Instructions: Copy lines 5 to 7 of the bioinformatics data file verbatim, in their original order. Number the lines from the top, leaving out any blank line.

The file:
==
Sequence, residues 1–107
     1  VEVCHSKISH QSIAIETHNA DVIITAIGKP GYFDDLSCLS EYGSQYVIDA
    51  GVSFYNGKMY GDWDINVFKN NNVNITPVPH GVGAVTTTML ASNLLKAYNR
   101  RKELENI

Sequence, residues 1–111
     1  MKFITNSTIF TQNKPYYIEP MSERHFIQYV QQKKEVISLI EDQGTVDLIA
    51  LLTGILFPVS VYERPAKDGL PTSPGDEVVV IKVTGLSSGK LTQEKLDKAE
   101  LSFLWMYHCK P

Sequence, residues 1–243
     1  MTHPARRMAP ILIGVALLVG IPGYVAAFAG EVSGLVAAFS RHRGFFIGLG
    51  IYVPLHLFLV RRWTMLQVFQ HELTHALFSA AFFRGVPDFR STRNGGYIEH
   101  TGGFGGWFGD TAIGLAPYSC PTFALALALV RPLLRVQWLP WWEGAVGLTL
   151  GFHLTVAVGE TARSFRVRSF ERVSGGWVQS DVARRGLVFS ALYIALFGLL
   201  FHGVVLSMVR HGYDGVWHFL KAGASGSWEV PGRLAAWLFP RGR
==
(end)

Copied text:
Sequence, residues 1–111
     1  MKFITNSTIF TQNKPYYIEP MSERHFIQYV QQKKEVISLI EDQGTVDLIA
    51  LLTGILFPVS VYERPAKDGL PTSPGDEVVV IKVTGLSSGK LTQEKLDKAE